First VLCC Order with the New G-Type Engine Greek ship management company Almi Tankers S.A. is set to establish itself as a market front runner with the new ultra long stroke G-type engine tailor-made for Very Large Crude Carriers
Athens-based ship management company Almi Tankers S.A. will be the first to equip two VLCCs with the very first new 7G80ME-C9.2 engine launched by MAN Diesel & Turbo. The engines will be built by Hyundai Heavy Industries in South Korea with test bed running in January 2013. The vessels will be built at Daewoo Shipbuilding and Marine Engineering with delivery scheduled for May and December 2013.
Earlier this summer Athens-based shipowner Thenamaris placed an order for four 6G80ME-C9.2 engines to power four 5,000 TEU containerships, to be built by Hyundai (HSHI) in South Korea. However,VLCC’s are the vessel type was originally the primary target behind the introduction of the G80ME-C9.2 engine and MAN Diesel & Turbo is also currently involved in several, active VLCC projects where this ultra long stroke design is the preferred engine choice.
The shipping industry is currently debating whether or not VLCC lay-out speed should be reduced to 13 knots from the existing 15 to 15.5 knots, a scenario which the G80 is tailor-made to meet.
Ole Grøne – Senior Vice President Low-Speed Promotion & Sales – MAN Diesel & Turbo said: “Traditionally, super long stroke S-type engines, with relatively low engine speeds, have been applied as prime movers in tankers. Following the efficiency optimization trends in the market, the possibility of using even larger propellers has been thoroughly evaluated with a view to using engines with even lower speeds for propulsion of particularly VLCCs”.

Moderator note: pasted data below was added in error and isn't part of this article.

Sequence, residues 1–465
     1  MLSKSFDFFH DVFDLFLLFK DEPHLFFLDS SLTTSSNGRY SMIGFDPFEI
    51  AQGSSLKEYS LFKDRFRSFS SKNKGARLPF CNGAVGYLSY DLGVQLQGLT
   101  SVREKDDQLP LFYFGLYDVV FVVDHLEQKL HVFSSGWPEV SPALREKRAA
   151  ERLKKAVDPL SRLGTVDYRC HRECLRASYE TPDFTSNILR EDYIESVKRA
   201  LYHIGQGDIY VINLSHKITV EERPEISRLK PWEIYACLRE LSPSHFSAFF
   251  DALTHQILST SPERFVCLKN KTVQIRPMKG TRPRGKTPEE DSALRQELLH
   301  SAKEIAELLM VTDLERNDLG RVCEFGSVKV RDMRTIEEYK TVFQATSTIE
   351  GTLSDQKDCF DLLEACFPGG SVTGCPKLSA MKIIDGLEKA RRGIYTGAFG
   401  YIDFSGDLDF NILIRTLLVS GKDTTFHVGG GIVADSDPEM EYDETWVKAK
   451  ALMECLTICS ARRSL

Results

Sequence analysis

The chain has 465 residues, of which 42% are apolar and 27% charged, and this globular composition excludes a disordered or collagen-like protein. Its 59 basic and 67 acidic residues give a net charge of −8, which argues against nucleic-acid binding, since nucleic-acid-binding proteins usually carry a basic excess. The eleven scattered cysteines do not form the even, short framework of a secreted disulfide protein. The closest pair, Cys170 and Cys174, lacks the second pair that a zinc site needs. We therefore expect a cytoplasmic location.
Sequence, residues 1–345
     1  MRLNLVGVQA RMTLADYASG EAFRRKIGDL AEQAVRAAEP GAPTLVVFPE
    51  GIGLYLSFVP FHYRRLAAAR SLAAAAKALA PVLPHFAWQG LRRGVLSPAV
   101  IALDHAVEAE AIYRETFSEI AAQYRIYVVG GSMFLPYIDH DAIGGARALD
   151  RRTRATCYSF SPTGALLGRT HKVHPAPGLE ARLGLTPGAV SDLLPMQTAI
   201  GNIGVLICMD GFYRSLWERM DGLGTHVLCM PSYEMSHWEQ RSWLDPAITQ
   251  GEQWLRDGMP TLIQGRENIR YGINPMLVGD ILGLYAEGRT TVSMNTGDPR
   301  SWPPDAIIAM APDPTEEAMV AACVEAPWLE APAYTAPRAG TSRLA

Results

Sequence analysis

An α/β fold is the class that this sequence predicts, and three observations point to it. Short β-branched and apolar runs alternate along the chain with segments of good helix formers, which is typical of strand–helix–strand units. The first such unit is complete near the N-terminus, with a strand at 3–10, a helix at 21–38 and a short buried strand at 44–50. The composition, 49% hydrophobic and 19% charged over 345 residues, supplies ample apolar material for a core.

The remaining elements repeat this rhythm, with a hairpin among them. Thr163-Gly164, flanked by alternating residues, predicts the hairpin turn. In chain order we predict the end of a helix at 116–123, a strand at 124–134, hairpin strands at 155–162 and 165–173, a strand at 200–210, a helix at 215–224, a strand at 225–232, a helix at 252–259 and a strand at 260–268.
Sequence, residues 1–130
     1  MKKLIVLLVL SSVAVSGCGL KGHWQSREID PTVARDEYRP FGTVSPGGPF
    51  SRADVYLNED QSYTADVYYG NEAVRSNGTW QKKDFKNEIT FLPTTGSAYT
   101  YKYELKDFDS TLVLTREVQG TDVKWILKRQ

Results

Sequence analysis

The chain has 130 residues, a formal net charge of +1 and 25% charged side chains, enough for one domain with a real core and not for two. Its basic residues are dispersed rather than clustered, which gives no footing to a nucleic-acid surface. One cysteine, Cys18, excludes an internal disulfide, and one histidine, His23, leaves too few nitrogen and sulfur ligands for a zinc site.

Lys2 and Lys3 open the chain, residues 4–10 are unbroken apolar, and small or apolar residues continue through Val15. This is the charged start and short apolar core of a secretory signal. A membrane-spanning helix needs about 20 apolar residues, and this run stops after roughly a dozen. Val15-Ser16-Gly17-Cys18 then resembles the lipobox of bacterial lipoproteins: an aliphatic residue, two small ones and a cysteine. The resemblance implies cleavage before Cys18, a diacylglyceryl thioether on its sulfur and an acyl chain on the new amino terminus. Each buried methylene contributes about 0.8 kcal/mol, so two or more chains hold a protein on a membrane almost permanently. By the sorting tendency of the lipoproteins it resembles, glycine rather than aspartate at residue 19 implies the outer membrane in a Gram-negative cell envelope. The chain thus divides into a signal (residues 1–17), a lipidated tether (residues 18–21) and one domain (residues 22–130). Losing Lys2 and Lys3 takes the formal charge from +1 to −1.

He continued: “VLCCs may be compatible with propellers with larger propeller diameters than the current designs, and thus high efficiencies following an adaptation of the aft hull design to accommodate the larger propeller. The new ultra long stroke G80ME-C9.2 engine type meets this trend in the VLCC market. It is estimated that such new designs offer potential fuel-consumption savings of some 4-7 percent and a similar reduction in CO2 emissions. Simultaneously, the engine itself can achieve a high thermal efficiency using the latest engine process parameters and design features.
The G-type programwas introduced to the market in October 2010 with the G80ME-C9 model. MAN Diesel & Turbo subsequently expanded the ultra-long-stroke program in May 2011 with the addition of G70ME-C9, G60ME-C9 and G50ME-B9 models. The G-types have designs that follow the principles of the large-bore Mk-9 engine series that MAN Diesel & Turbo introduced in 2006. Their longer stroke reduces engine speed, thereby paving the way for ship designs with unprecedented high-efficiency.
Setember 27, 2011